609 F2d 1335 Vuitton et Fils Sa v. J Young Enterprises Inc
609 F.2d 1335
VUITTON ET FILS, S.A., Plaintiff-Appellant,
J. YOUNG ENTERPRISES, INC., et al., Defendants-Appellees.
United States Court of Appeals,
Dec. 26, 1979.
J. Joseph Bainton, Reboul, MacMurray, Hewitt, Maynard & Kristol, New York City, for plaintiff-appellant.
Joseph H. Golant, Beverly Hills, Cal., for defendants-appellees.
On Appeal from the United States District Court for the Central District of California.
Before WALLACE and ANDERSON, Circuit Judges, and PALMIERI,* District Judge.
J. BLAINE ANDERSON, Circuit Judge:
Vuitton et Fils, a French Societe Anonyme (Vuitton), appeals from the district court's entry of judgment and dismissal of its complaint based upon the stipulation and order which the parties submitted to the court.
Vuitton, a French manufacturer of a wide variety of luggage, ladies' handbags and other personal accessories, brought an action against J. Young Enterprises (Young) and several other named defendants, alleging trademark infringement, 15 U.S.C. § 1114, false designation of origin, and false description of goods, 15 U.S.C. § 1125, trademark dilution, California Business and Professional Code § 14330, and unfair competition. The complaint sought injunctive relief, as well as other remedies, including an award of monetary damages.
Prior to filing the complaint and an accompanying request for a temporary restraining order, counsel for Vuitton contacted defendant Young. Upon being informed of Vuitton's intention to seek a temporary restraining order, counsel for Young agreed to stipulate to the entry of injunctive orders.
Contents of the Stipulation
The stipulation entered into by Vuitton and Young and his business entities (the stipulation excluded defendants Beverly Young and Steven Wessler) stated that:
1. Young did not have within his possession or his control alleged trademark infringing merchandise;
2. Young did not waive any defenses with regard to merchandise bearing the "long stem Y" symbol sold by Young prior to August 30, 1978;
3. Vuitton did not stipulate to the existence or validity of any of those defenses;
4. Young agreed to turn over to Vuitton within five days all records in his possession and control which related to the purchase, sale, advertisement, offer for sale, manufacture, production, or distribution of any product bearing a copy or colorable imitation of Vuitton's registered trademark;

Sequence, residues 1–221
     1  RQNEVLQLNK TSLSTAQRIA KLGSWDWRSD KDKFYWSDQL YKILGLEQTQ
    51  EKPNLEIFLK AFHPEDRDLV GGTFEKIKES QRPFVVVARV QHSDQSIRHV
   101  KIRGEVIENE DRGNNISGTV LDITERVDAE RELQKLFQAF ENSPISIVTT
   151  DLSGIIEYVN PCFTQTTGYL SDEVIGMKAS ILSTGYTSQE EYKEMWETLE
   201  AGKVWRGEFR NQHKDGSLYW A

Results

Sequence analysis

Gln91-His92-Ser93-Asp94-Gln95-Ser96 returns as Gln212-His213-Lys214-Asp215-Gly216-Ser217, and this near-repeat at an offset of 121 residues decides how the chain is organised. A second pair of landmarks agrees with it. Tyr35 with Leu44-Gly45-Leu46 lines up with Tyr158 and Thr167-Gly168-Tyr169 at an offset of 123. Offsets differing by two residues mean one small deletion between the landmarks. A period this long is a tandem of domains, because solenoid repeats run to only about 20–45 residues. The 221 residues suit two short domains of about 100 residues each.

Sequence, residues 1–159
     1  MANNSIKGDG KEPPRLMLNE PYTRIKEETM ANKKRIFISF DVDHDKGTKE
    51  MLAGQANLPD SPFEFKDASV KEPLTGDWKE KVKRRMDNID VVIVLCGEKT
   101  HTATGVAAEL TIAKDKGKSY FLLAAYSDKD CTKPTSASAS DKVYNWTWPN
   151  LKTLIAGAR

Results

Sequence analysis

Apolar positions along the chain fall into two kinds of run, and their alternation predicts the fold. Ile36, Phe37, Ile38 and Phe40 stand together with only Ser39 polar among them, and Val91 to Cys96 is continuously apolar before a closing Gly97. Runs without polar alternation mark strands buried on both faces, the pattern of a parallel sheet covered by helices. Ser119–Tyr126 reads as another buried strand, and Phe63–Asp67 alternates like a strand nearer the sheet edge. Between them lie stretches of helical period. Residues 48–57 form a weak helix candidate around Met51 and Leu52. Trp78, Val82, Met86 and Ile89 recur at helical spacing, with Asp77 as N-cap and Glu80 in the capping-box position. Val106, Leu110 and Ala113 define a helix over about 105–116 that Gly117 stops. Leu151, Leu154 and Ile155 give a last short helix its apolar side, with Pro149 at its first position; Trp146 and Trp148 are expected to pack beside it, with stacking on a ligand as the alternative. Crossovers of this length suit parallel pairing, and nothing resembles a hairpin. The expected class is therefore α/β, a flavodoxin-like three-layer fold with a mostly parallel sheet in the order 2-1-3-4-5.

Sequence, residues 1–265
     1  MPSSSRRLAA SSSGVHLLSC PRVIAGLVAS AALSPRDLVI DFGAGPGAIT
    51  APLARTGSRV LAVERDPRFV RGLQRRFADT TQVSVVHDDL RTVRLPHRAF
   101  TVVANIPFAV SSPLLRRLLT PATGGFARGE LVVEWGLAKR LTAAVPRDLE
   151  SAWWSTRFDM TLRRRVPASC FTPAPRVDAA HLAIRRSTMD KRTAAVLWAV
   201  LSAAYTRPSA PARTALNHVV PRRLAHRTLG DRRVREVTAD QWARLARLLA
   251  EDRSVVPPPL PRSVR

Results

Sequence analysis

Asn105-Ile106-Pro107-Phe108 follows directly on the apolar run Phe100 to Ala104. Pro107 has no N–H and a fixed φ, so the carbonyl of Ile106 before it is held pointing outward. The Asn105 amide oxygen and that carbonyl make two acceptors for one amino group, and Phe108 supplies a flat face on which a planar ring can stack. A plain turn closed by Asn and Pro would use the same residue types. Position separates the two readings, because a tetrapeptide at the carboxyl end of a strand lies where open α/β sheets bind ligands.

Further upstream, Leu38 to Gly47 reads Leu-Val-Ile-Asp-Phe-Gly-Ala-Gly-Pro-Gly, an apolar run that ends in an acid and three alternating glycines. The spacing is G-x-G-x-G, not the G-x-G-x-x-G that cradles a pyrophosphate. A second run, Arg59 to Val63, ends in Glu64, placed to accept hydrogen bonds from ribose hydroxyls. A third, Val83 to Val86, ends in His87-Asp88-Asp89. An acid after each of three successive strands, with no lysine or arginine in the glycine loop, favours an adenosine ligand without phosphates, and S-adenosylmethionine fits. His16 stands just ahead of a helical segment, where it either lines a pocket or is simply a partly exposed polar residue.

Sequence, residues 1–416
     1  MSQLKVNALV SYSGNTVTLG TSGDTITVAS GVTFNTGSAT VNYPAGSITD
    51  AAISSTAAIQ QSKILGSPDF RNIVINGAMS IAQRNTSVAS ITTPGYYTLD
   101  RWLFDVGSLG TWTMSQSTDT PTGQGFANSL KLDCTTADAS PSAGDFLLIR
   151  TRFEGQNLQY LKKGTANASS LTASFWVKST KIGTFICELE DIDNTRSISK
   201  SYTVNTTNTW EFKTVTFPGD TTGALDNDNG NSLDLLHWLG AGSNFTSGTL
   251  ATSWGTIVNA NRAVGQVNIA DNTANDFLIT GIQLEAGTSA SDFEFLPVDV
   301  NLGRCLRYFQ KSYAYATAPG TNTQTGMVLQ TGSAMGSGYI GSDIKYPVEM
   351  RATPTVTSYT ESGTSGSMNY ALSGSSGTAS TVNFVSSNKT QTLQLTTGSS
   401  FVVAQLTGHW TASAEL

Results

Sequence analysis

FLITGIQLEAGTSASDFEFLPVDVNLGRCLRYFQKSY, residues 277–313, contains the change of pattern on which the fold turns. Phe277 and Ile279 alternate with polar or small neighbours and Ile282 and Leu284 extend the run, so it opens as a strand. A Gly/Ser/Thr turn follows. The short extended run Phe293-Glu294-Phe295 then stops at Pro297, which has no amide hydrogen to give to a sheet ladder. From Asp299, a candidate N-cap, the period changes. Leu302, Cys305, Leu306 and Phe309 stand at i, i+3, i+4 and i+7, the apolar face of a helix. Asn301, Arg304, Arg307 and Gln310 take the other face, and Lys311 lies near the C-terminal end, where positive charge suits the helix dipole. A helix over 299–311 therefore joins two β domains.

5. Young agreed to the taking of his deposition by Vuitton upon expedited notice;
6. Young consented to the entry of an injunctive order which would be in full force and effect until otherwise ordered by the court or agreed to by the parties and waived posting of a bond by Vuitton;
7. Vuitton waived its rights to seek a temporary restraining order against Young.
The stipulated injunction essentially restrained and enjoined Young from imitating, copying or making unauthorized use of Vuitton's registered trademark.
District Court's Disposition of the Stipulation
The stipulation was submitted to the district court with the caption "Stipulation and Order." The district court, on its own motion, in handwriting thereupon added the words "For Judgment" to the caption of the stipulation. The court then signed the document and entered it as a final judgment of the matter. Judgment was entered on January 3, 1979.
Vuitton's Subsequent Action
On January 12, 1979, Vuitton filed a motion to alter or amend the judgment, Federal Rule of Civil Procedure rule 59(e), or in the alternative to set aside or vacate the judgment, rule 60(b). The motion was denied on February 12, 1979. Vuitton's timely notice of appeal was filed on February 21, 1979.1
The issue on appeal is whether the district court properly interpreted the stipulation between Vuitton and Young as being a final consent judgment that called for the dismissal of the action.
The district court wrote the words "For Judgment" in the caption of the stipulation and order submitted by Vuitton and Young. The court apparently believed that the parties had intended by the stipulation to dispose of the matter in its entirety. We conclude that the district court misconstrued the force and clear intent of the stipulation. We therefore reverse the court's entry of final judgment which was based upon the submitted stipulation.